Being resentful – or even slow – to make a few small, necessary adjustments for the sake of my guests’ comfort shows I care more about my routines more than I do about them.

And when you come to think about it, isn’t HOSPITALITY really one of the big, underlying themes of the Christmas season?

Every chapter of the story seems to ask a different kind of hospitality question; who will make room for the Christ child in her womb? Who will make room for the young travelers in their inn? Who will welcome the newborn Savior into the world?

None of us here in 2018 had to answer any of the questions those folks did. But there is one question we might all take a moment and ponder: Who here today will make room for the infant Messiah in their heart?

 

*Special blog postscript: As if sensing my need to enlarge my hospitality skills, God has dumped a massive blizzard on our home here today, canceling all flights out and giving us TWO MORE DAYS with our out-of-town loved ones!

12
Nov
18

It’s Just hair

Well, it’s gone.

We knew the day was coming. Ever since my wife’s cancer diagnosis in late September and the ensuing prescription for chemotherapy, we knew the days of her beautiful, flowing, auburn hair were numbered.

It’s just what happens when those powerful cancer-killing chemicals go racing through a person’s body.

Personally, I was expecting trauma and heartbreak when “HAIR GONE” day came… from me, that is. I knew SHE would handle it just fine.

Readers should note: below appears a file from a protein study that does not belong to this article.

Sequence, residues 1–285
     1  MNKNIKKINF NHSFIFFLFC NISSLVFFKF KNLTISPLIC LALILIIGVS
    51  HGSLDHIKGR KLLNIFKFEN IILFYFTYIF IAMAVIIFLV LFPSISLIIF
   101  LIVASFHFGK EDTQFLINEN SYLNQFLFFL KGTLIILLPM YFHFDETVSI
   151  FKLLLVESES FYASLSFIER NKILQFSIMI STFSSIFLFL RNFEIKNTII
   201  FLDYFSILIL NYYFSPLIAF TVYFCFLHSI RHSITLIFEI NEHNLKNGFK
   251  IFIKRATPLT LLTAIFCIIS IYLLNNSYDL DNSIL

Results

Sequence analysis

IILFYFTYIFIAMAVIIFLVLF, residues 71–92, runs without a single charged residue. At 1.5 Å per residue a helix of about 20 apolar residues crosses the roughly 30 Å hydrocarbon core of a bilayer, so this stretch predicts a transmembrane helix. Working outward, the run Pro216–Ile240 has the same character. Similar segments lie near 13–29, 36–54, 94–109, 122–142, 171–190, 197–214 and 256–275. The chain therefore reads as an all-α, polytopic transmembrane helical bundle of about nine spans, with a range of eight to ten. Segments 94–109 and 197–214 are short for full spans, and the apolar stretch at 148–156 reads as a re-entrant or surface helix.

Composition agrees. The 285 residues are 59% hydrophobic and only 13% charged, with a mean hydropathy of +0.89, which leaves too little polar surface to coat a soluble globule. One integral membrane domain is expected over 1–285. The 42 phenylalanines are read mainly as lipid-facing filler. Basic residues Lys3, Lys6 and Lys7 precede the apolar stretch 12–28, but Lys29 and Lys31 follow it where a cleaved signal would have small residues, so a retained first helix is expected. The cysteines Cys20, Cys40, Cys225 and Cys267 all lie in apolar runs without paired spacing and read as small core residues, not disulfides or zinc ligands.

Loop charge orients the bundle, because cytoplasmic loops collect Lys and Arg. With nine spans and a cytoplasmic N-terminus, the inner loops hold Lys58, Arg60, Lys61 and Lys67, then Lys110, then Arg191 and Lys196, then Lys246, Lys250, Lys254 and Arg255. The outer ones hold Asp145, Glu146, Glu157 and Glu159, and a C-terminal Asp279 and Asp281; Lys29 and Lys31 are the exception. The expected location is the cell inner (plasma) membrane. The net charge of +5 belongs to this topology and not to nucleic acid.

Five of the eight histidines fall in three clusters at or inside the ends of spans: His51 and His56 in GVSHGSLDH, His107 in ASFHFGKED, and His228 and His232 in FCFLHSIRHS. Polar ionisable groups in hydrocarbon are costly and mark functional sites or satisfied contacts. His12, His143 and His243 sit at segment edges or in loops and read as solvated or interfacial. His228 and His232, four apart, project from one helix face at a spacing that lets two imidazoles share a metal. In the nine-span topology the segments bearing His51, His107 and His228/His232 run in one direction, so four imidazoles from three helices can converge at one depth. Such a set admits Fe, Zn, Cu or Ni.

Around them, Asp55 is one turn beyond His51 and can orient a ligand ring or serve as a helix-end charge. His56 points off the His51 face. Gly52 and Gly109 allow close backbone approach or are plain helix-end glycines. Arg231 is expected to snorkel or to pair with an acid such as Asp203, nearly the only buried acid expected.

In fact, anticipating a sky-high level of emotional devastation, I wrote her a lovely little free verse poem called, “It’s Just Hair” to help cushion the blow. (I would share it here, but it is a little too personal and intimate.)

So then, as the stuff began showing up on the pillowcase and coming out in clumps, we realized it was time.

As her hairdresser came to our home one night and gently, lovingly buzzed it right down to the scalp, we were both surprisingly OK. No hair Joan

I went to the utility room, got the broom and dustpan, swept it all up, and tossed it.

BOOM.

GONE.

We looked at her mirrored reflection and marveled at how lovely and round and symmetrical her head is. I made jokes about polishing her “dome” with a cloth now and then.

And then we kissed and smiled, looked each other in the eye and said, “It’s just hair.”

As these things often do, it caused me to lapse into reflection.

Joan with turbanI thought about how easily and how often in my life I have confused form and substance. I mused over the question of why I do that and how annoyingly frequently it occurs. I asked myself, “Self… how is it that you are so quick to recognize the difference between ‘hair’ and ‘her,’ when it comes to your spouse, and yet are often so slow to grant others the same grace?”

And then I got global and wondered, “Am I the only one who puts unreasonable confidence in outward, surface appearances and punts on the hard work of diving a little deeper and trying a little harder to understand the souls of other people?”
And I thought, “Naaaaaah. Probably not.”

I also realized it was time to pull out 2 Corinthians 4:18, commit it to memory and try, yet again, to live by its wise guidance: “… because we look not at what can be seen but at what cannot be seen; for what can be seen is temporary, but what cannot be seen is eternal.”

Abundant blessings;